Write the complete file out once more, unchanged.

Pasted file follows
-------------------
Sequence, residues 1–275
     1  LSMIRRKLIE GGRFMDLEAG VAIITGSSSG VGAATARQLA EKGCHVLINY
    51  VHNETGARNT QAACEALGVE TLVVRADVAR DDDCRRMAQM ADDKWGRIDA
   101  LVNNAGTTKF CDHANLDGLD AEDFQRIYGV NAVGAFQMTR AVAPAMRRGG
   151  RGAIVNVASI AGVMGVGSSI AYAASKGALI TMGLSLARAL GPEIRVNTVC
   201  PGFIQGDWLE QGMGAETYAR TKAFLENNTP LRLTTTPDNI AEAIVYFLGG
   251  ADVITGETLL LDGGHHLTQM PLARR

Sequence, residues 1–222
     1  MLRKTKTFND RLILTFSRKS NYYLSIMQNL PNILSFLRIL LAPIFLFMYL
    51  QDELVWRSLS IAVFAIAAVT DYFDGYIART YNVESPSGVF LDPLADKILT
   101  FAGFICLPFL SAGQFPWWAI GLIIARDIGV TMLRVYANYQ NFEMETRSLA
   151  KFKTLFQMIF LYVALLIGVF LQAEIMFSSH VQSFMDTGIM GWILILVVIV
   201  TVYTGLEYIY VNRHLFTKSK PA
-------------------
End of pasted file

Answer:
Sequence, residues 1–275
     1  LSMIRRKLIE GGRFMDLEAG VAIITGSSSG VGAATARQLA EKGCHVLINY
    51  VHNETGARNT QAACEALGVE TLVVRADVAR DDDCRRMAQM ADDKWGRIDA
   101  LVNNAGTTKF CDHANLDGLD AEDFQRIYGV NAVGAFQMTR AVAPAMRRGG
   151  RGAIVNVASI AGVMGVGSSI AYAASKGALI TMGLSLARAL GPEIRVNTVC
   201  PGFIQGDWLE QGMGAETYAR TKAFLENNTP LRLTTTPDNI AEAIVYFLGG
   251  ADVITGETLL LDGGHHLTQM PLARR

Sequence, residues 1–222
     1  MLRKTKTFND RLILTFSRKS NYYLSIMQNL PNILSFLRIL LAPIFLFMYL
    51  QDELVWRSLS IAVFAIAAVT DYFDGYIART YNVESPSGVF LDPLADKILT
   101  FAGFICLPFL SAGQFPWWAI GLIIARDIGV TMLRVYANYQ NFEMETRSLA
   151  KFKTLFQMIF LYVALLIGVF LQAEIMFSSH VQSFMDTGIM GWILILVVIV
   201  TVYTGLEYIY VNRHLFTKSK PA